So I changed up the format for my next post in the lobelia series. For how can it be normal; Cyanea konahuanuiensis is a species brand new to science that I helped describe!
I’m not going to rehash everything, that is what the paper is for. But I’ve always had this romantic image of what discovering a new species would be like. That of the pith-helmeted naturalist with a well-waxed mustache hacking his way through malaria infested swamps. Imagine the naturalist pushes aside a man-sized frond to encounter a quiet glade. His heart skips a beat. In the center of this opening, with a solitary beam of dappled sunlight shining on it, is some unknown wonder of nature. (In my daydream it’s a giant ground sloth!) Our intrepid naturalist feels vindicated and cannot wait to tell his benefactors back home what he has discovered.
Real scientific discovery is pretty far from that fiction. For one, I first met C. konahuanuiensis on one of the soggiest, chilliest hikes I had ever been on! And two, scientific discovery is more than just saying “Hmm, I think you’re something new!”, posting a picture on the interwebs, and have everyone congratulating you on a job well done. I didn’t know it at the time, but it was the start of a 2+ year process to formally describe the species.
But I must say, I feel pretty proud of my small part in all of this. I’d imagine it is more so for the rest of the team who really put the effort behind all of i: Maggie, Adam, Mashuri & Tobias. I tip my cap to you folks.
If there is one thing that people take from this, it is the importance of biological surveying here in Hawai’i. Species have been discovered and more commonly rediscovered here with surprising regularity. With all the detrimental environmental impacts occurring in Hawai’i, some of these plants could go extinct before we even knew they were there.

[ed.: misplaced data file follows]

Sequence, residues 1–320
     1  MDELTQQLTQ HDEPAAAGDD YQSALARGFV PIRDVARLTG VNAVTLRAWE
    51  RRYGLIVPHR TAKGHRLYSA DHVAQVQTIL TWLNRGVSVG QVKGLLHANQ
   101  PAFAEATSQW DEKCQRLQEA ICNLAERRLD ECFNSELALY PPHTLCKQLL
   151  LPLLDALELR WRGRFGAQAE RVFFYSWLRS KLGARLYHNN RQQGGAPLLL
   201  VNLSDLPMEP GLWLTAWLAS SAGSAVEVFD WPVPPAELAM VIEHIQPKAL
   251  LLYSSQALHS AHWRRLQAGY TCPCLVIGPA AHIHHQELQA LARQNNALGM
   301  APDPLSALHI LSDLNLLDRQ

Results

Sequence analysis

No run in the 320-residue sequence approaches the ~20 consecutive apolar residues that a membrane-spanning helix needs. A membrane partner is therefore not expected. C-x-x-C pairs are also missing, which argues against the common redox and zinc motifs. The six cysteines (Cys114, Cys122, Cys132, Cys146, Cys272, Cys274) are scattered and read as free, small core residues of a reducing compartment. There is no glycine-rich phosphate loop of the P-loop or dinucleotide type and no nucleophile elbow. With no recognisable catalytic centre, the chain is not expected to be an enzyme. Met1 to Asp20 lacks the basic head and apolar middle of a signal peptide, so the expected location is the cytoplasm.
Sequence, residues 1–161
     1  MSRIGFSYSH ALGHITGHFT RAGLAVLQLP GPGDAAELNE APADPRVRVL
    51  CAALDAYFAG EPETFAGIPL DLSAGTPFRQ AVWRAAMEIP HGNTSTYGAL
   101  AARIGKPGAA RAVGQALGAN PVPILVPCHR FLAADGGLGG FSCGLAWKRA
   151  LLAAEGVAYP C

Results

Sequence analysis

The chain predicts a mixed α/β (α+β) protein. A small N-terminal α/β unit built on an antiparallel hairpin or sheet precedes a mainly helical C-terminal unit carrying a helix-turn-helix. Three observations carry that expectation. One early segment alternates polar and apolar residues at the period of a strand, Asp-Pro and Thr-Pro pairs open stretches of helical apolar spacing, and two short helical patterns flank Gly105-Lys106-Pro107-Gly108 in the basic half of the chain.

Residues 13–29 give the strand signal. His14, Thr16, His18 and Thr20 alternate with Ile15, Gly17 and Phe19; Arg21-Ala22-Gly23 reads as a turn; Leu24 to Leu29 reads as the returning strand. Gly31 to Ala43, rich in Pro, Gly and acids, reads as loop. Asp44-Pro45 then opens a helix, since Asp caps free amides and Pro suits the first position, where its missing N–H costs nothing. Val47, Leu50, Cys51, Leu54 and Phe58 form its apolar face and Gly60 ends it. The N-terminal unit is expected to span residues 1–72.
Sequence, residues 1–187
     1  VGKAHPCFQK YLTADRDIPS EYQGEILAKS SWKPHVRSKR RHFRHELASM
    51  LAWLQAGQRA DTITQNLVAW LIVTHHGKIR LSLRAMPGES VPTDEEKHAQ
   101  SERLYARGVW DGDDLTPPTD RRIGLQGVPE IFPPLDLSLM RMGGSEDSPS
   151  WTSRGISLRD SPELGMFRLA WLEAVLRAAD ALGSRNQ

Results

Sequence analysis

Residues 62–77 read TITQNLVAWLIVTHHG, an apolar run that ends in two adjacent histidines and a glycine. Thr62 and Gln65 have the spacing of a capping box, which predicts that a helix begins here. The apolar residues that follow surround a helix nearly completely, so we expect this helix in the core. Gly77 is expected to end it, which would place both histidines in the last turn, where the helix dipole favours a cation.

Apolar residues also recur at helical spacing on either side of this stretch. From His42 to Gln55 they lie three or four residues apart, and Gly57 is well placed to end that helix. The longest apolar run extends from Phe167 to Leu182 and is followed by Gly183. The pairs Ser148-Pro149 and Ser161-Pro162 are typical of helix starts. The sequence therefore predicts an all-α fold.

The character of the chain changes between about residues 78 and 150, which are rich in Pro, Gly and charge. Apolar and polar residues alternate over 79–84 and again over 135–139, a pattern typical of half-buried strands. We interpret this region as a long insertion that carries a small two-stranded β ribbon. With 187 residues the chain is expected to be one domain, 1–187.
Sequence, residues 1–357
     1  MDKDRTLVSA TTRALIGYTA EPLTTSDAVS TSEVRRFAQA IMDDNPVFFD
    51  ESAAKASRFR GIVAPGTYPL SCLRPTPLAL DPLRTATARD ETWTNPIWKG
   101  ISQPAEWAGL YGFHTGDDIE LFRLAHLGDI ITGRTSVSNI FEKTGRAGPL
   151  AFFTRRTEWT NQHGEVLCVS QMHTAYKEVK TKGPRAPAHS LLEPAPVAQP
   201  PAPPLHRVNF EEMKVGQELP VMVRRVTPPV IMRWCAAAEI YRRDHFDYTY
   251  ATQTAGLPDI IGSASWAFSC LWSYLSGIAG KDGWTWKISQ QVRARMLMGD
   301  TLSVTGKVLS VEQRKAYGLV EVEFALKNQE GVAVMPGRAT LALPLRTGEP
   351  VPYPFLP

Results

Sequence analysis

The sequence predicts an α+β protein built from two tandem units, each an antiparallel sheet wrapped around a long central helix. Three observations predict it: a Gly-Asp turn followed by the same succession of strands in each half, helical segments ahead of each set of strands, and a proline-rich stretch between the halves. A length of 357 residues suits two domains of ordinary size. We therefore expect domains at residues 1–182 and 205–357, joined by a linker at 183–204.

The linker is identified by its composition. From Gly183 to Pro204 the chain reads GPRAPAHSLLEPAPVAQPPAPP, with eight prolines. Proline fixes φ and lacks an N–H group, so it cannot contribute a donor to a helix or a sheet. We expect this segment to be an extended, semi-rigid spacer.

Having gotten the maudlin issues out of the way, without further ado… Haha mili’ohu! (Rather appropriate that I just turned 34 last week and this is the 34th lobeliad in the series!)
- Hawaiian Name: Haha mili’ohu
- Conservation status: —
- Distribution: O’ahu
- Date photographed: 7/6/2013
- Ease of viewing: Difficult
- Identification: Form– Unarmed shrubs 57–69 cm high, with 1–6 stems originating at the base Leaves– blades elliptic to oblong, 10-16 cm wide, 20-33 cm long, petioles 2-4.2 cm long Flower– calyx lobes linear to linear-oblong 5-7 mm wide, 16-18 mm long; corolla dark purple, 12-13 mm wide, 86-99 mm long, externally densely pubescent
- Phylogenetic comments: Cyanea konahuanuiensis is a newly described species that shares the staminal column adnation to the corolla with other members of the Rollandia radiation within the Acuminata clade. But, of course, more genetic work needs to be done. 2022 update — Interestingly, C. konahuanuiensis doesn’t nest deeply within the rest of the core rollandia clade. Rather it seems to be sister to C. st-johnii and both originate from another possible hybridization event between rollandia and grimesiana.
- Links: Sporck-Koehler MJ, Koehler TB, Marquez SN, Waite M, Williams AM (2015) A new species of Cyanea (Campanulaceae, Lobelioideae), from the Ko‘olau Mountains of O‘ahu, Hawaiian Islands. PhytoKeys 46: 45-60.doi: 10.3897/phytokeys.46.8694
- Additional Photos: